The Great Recession that started in 2008, literally destroyed the auto industry. Companies went bankrupt and sales tanked beyond what anyone expected. Since then, the industry has recovered nicely, but what goes up must come down, and that’s exactly what we are seeing with U.S. auto sales this year.
Although not anywhere near recession sales numbers, November’s weaker than normal sales will almost certainly make for the first full-year sales decline since the recession. This doesn’t mean sales look bad as they are still very close to the records set in 2016. As expected, sales of SUVs, trucks, and crossovers are leading the way as passenger cars continue to drop.
The decline in sales was not across the board as many companies showed numbers in the positive column for November. Honda’s SUVs and crossovers sold nicely making for an 8.3% increase in sales, and Ford received a 7% boost from fleet sales. Audi and Subaru both rose almost 1%, and Nissan won’t be reporting until next week due to a technical glitch.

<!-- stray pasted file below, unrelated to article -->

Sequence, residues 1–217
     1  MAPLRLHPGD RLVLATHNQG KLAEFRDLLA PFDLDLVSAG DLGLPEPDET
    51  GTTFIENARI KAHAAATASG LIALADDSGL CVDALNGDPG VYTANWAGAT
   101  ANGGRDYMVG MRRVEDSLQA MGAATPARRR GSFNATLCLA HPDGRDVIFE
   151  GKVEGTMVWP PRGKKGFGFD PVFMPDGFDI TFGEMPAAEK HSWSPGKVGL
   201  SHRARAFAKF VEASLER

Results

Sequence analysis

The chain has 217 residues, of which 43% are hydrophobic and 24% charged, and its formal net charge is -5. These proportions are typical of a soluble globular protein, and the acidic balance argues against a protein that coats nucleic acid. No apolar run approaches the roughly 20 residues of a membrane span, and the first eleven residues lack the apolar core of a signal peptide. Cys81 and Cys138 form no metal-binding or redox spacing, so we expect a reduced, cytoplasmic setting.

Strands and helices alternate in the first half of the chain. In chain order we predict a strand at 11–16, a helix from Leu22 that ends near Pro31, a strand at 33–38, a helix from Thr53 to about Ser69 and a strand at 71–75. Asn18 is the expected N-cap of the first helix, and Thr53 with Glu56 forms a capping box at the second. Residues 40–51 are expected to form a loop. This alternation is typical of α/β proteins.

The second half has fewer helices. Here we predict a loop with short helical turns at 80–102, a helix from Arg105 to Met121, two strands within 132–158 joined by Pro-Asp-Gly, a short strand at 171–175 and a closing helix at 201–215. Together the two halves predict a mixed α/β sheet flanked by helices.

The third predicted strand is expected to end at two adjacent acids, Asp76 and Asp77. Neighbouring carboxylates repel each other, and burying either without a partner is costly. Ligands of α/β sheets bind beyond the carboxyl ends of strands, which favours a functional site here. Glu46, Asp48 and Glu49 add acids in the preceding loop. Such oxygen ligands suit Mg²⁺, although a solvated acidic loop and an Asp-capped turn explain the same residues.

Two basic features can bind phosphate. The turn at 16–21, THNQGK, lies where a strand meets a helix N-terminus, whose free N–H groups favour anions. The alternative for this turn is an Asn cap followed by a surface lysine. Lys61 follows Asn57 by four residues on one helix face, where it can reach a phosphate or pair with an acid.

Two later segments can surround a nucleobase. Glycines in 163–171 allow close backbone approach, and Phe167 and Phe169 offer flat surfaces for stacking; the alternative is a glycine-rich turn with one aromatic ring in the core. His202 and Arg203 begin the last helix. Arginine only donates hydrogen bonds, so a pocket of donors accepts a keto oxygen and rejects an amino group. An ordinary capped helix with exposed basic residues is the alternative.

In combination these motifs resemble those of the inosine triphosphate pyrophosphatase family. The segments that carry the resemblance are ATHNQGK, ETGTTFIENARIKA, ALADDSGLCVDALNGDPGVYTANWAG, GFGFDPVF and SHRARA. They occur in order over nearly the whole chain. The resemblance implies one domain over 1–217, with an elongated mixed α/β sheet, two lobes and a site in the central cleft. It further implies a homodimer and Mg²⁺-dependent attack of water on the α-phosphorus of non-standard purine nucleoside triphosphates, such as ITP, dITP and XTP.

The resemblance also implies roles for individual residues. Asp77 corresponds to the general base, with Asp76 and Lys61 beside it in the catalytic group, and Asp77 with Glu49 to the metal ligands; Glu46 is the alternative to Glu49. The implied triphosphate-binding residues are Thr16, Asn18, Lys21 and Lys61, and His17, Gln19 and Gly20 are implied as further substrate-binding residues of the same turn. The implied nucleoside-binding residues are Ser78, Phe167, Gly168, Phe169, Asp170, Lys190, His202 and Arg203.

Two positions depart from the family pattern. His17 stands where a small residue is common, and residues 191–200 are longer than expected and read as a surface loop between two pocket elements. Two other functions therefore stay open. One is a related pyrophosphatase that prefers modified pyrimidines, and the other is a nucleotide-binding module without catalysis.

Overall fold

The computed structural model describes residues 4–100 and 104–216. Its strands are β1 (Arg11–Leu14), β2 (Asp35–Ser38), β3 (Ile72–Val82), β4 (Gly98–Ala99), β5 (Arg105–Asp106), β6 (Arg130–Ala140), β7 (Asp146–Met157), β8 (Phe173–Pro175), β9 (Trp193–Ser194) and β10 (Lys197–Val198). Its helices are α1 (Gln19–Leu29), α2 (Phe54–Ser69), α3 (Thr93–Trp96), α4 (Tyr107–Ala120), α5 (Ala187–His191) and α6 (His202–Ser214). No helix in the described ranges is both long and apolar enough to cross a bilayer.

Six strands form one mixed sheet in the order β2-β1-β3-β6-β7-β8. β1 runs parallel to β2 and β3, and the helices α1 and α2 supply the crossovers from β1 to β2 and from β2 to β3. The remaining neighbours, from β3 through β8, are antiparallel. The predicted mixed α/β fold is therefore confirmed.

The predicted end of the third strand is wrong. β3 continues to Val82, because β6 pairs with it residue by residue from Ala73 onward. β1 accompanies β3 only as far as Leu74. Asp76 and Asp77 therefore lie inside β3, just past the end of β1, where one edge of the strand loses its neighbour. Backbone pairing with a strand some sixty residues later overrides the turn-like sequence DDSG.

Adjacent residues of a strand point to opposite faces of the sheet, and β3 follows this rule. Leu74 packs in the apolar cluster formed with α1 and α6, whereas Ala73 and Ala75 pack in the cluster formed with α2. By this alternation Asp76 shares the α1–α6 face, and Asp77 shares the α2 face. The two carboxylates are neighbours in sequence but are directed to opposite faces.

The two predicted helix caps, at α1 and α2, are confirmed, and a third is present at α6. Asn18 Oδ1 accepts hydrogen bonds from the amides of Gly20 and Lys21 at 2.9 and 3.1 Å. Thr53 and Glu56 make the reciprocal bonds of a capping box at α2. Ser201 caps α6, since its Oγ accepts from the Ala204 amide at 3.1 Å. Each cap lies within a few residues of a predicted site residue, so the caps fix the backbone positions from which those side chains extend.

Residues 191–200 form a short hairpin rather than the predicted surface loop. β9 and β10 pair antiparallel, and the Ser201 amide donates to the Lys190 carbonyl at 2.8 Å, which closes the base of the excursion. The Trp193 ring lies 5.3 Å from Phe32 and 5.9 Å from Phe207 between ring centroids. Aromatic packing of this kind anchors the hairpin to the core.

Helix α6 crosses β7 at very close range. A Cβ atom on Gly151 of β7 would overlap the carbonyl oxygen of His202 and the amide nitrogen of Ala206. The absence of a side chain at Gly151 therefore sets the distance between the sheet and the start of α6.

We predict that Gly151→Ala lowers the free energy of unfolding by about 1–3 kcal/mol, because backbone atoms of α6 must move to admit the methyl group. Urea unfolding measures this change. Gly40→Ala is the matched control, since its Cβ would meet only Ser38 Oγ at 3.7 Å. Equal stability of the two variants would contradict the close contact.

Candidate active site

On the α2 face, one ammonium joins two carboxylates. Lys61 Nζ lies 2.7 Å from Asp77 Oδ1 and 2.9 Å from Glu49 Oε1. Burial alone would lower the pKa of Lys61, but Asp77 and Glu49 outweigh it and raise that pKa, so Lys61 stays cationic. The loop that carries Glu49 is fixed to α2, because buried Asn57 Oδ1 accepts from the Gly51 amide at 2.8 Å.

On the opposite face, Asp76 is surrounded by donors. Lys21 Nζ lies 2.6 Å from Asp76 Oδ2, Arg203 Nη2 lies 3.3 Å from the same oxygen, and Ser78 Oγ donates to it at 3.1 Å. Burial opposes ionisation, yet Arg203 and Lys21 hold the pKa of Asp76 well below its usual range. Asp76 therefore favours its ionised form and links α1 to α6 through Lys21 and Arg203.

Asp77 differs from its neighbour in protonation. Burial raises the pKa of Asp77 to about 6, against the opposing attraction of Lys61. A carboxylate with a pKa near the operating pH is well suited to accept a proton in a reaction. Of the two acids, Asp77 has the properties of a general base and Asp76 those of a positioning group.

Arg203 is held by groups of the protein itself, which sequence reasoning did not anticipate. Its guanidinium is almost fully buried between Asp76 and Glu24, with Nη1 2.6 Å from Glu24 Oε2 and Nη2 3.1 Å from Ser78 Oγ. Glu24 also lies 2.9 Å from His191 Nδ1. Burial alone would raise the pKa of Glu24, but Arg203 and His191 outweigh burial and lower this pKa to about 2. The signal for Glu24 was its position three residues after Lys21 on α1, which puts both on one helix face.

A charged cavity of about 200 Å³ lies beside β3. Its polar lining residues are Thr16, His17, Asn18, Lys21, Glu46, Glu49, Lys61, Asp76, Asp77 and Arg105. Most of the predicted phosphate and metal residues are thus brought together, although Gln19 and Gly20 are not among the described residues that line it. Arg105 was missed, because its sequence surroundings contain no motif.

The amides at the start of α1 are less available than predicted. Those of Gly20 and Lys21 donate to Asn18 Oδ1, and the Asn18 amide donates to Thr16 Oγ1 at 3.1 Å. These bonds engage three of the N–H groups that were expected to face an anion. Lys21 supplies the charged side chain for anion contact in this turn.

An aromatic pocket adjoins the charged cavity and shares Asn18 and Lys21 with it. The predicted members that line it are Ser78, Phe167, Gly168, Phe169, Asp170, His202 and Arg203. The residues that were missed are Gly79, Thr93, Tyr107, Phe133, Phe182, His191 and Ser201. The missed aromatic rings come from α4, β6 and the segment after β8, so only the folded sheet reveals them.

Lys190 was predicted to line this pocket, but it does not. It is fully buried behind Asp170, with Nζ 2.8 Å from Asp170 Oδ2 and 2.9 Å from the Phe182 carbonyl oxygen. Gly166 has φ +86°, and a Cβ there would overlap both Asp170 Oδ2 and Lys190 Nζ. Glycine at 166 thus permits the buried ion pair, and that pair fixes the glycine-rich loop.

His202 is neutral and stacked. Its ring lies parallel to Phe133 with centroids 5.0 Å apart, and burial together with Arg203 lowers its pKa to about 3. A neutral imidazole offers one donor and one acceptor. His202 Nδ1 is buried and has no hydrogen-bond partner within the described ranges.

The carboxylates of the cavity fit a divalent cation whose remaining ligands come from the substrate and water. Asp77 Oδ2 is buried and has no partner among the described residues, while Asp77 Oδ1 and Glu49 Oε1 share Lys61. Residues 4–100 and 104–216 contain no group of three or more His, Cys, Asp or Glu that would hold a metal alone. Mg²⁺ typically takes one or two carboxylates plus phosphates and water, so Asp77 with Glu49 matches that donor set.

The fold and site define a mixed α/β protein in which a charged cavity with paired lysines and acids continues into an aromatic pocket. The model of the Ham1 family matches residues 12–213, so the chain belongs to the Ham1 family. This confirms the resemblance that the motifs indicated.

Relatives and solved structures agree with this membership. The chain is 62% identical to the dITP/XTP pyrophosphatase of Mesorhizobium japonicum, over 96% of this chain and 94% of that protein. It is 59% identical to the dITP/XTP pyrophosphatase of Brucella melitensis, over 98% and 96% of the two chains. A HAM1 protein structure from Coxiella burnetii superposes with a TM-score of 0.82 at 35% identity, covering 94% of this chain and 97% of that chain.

The losers of the month, and the reason for the overall decline in numbers are some of the larger automakers. General Motors reported a 2.9% drop, Toyota is down 3% in November, and Fiat Chrysler is down 3.7%.
This downward trend is likely to continue as Barclays analyst Brian Johnson said the industry is facing “an eroding plateau” that he believes will settle into a range of 15.5 million to 16 million vehicles sold per year. PricewaterhouseCoppers, projects total sales for 2017 at 17.1 million, while in 2016 we saw 17.6 million. Used cars are very plentiful right now, and it seems people rather save the cash and reduce the depreciation hit associated with buying new.
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